News

Actions

Whitmer, legislative leaders urge Wayne State Board of Governors to adopt code of conduct

CORP-Digital-Default-Image-1280x720-WXYZ.png
Posted at 2:44 PM, Feb 26, 2020
and last updated 2020-02-26 17:08:44-05

(WXYZ) — Governor Gretchen Whitmer, Attorney General Dana Nessel and other state legislative leaders sent a letter to the Wayne State University Board of Governors to adopt a code of conduct.

The officials urged them to adopt one at the next meeting on March 20.

The letter comes after the Higher Learning Commission gave the board until March 24 to report on its progress toward adopting a code of conduct, among other reforms.

In the letter, the officials said, "“Wayne State University is one of our state’s greatest educational assets. It graduates more professionals that remain in Michigan than any other university. It is a critical part of Michigan’s history, and it will help define Michigan’s future. For this and many other reasons, we strongly urge you to adopt one code of conduct, acceptable to the Higher Learning Commission, at your next meeting.”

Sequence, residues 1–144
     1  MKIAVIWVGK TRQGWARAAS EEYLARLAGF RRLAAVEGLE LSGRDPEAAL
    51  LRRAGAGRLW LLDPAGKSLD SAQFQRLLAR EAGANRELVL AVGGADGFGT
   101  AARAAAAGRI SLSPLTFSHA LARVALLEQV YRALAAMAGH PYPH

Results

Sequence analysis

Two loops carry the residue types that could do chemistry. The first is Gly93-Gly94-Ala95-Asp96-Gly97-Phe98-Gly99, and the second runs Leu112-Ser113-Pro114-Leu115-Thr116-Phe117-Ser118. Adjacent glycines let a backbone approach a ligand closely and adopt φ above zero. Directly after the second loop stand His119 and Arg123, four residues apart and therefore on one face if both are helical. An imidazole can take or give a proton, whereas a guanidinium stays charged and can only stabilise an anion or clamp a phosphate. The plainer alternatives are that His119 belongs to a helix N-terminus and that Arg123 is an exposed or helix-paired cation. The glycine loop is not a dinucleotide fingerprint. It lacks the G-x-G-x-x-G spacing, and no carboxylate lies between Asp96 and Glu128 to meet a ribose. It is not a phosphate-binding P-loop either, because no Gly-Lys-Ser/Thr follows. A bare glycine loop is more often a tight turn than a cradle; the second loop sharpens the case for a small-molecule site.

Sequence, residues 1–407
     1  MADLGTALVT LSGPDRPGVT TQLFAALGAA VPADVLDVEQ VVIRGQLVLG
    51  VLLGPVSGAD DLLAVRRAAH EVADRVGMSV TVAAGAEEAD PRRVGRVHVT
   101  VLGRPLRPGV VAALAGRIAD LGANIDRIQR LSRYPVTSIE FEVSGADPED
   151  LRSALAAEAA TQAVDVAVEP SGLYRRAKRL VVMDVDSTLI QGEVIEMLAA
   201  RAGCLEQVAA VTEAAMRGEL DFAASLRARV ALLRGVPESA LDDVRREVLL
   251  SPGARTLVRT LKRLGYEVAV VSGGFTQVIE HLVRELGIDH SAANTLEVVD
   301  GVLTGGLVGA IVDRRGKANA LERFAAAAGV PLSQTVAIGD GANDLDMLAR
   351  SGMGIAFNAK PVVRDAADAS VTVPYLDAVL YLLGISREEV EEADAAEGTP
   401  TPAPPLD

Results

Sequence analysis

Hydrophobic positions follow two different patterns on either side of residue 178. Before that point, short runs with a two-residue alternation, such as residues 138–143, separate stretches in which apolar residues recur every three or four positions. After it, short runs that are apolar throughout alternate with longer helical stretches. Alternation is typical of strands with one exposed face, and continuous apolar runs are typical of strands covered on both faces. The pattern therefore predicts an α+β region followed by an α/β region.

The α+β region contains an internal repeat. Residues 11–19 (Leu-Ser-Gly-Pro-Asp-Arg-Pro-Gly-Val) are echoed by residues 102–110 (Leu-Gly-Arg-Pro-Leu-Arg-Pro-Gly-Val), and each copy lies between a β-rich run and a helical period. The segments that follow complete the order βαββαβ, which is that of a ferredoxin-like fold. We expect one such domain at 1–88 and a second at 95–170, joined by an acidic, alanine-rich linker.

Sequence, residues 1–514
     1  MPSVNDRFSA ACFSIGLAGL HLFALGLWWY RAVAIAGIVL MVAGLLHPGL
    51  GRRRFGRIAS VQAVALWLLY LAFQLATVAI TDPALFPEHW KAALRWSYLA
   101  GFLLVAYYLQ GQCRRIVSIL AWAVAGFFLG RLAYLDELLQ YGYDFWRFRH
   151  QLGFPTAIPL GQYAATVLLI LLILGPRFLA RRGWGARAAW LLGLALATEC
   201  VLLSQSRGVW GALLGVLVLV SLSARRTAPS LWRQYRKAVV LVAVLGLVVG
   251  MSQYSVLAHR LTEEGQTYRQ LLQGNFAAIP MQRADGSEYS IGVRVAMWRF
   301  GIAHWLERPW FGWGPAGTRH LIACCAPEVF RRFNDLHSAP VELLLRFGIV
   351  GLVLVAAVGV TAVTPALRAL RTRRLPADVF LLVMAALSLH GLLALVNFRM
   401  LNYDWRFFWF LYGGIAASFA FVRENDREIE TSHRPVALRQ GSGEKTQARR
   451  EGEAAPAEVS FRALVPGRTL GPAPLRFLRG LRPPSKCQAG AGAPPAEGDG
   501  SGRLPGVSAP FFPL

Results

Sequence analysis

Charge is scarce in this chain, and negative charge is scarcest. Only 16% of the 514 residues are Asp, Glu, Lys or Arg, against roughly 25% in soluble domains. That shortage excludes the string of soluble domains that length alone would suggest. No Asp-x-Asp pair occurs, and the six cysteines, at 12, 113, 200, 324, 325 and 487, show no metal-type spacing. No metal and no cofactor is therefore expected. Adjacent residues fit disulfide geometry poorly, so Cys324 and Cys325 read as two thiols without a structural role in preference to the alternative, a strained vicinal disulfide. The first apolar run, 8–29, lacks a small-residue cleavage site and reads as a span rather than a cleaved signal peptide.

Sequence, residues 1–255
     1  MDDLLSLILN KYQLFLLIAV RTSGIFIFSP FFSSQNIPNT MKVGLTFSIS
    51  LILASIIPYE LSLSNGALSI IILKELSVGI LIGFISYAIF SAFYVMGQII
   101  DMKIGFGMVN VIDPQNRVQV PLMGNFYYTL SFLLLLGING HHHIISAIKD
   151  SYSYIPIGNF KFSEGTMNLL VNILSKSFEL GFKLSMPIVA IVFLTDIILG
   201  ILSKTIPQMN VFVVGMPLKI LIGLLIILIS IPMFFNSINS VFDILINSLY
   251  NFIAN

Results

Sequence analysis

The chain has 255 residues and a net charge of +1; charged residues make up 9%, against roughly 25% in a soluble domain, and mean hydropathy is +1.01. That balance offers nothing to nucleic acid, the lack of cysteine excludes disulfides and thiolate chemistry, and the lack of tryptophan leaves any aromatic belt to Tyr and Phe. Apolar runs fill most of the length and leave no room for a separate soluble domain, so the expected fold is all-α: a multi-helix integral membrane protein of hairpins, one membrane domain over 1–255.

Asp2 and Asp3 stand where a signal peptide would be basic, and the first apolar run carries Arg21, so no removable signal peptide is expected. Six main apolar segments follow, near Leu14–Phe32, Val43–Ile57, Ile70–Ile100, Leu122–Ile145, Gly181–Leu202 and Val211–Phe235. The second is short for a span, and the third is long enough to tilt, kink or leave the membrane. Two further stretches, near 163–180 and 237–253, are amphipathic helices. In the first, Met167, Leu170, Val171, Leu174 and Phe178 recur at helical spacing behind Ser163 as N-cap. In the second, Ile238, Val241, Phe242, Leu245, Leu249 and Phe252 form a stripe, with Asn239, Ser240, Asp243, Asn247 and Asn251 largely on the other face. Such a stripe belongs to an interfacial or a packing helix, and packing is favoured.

Marilyn Kelly, the chair of the board, has released the following statement in response:

I thank Governor Whitmer, Attorney General Nessel and our legislative leaders for requesting the Wayne State University Board of Governors adopt a code of conduct. As board chair, I will do everything in my power to help make it happen.

A code of conduct is a statement about how we should do our jobs as board members. It provides standards for us to follow and sets expectations. It sends a message to our students, faculty and staff, as well as to the greater community, that we are committed to strengthening and moving the university forward.

It is particularly important for our board to act soon, because the organization that accredits the university, the Higher Learning Commission, has given us a deadline of March 24 to implement several recommendations, including the adoption of a code. The Commission holds the key to our federal funding, research dollars, and our institution’s legitimacy. If we don’t adopt a code, our HLC accreditation could be at risk.

The Higher Learning Commission has stated that if the board refused to adopt a code of conduct, it may withdraw the university's accreditation.